August 09. 2018 11:11PM

Real estate Q&A: Trees now block my ocean view. What can I do?

By GARY M. SINGER
Sun Sentinel


Q: I own an oceanfront condo. When I bought it I had an unobstructed view of the ocean. Palm trees are now causing a 90 percent view obstruction. Do I have any recourse?

— Dorothy

A: Questions about views are always complicated and involve many factors. The general rule is that no one is allowed to block your direct view. However, if it can be shown that the trees serve a useful purpose to the community, or were pre-planned to grow in front of your unit, you may be stuck with them.

To see if you have any recourse, you will need to review your condominium documents and the ordinances of your municipality. Many beachfront towns and cities have enacted rules protecting their residents' ocean views. These palm trees may be a code violation best addressed by your city. If this is not the case where you live, check your condo documents since many oceanfront condominiums have rules regulating their landscaping and protecting their constituents' views of the beach.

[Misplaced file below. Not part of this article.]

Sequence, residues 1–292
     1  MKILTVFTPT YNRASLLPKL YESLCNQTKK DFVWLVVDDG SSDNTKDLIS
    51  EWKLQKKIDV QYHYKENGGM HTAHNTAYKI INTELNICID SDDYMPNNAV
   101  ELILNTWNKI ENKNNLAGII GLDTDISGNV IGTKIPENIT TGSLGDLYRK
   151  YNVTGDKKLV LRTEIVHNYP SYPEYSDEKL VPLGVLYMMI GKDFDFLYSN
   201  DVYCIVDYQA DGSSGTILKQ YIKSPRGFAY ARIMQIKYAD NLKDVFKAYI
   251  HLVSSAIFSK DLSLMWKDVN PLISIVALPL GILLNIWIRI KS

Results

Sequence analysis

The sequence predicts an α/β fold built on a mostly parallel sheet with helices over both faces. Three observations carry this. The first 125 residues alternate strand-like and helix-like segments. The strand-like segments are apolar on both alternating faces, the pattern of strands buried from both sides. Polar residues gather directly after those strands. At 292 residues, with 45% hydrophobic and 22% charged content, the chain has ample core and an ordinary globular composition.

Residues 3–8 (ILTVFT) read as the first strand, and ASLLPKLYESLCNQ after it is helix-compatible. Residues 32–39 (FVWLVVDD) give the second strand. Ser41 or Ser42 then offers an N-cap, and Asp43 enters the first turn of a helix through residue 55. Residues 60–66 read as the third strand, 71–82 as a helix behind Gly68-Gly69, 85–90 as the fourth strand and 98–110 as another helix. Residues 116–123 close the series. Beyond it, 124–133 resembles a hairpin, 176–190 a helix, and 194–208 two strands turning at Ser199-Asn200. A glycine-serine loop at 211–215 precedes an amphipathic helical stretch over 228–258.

Typically, view laws are designed to protect people whose property extends all the way to the high-water mark. Condominiums present a particular problem because while you own your unit, your entire community owns the land that reaches to the water. It may be further complicated because the unit owners below you in your building now have a better view than when the trees were shorter that they would want to protect.

If it turns out that your local government will not be able to assist you, then your best bet would be to appeal to your condo board to come up with a solution that leaves everyone with a better view.

Gary M. Singer is a Florida attorney and board-certified as an expert in real estate law by the Florida Bar. Send him questions online at www.sunsentinel.com/askpro or follow him on Twitter @GarySingerLaw.